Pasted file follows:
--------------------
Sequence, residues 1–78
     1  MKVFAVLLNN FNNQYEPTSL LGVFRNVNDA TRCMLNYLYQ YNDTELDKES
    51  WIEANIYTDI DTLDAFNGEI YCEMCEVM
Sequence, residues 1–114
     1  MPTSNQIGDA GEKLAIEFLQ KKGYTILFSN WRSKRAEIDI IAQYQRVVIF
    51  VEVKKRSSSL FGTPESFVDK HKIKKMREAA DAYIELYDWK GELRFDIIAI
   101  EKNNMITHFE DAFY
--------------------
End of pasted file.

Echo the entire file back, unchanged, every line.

Sequence, residues 1–78
     1  MKVFAVLLNN FNNQYEPTSL LGVFRNVNDA TRCMLNYLYQ YNDTELDKES
    51  WIEANIYTDI DTLDAFNGEI YCEMCEVM
Sequence, residues 1–114
     1  MPTSNQIGDA GEKLAIEFLQ KKGYTILFSN WRSKRAEIDI IAQYQRVVIF
    51  VEVKKRSSSL FGTPESFVDK HKIKKMREAA DAYIELYDWK GELRFDIIAI
   101  EKNNMITHFE DAFY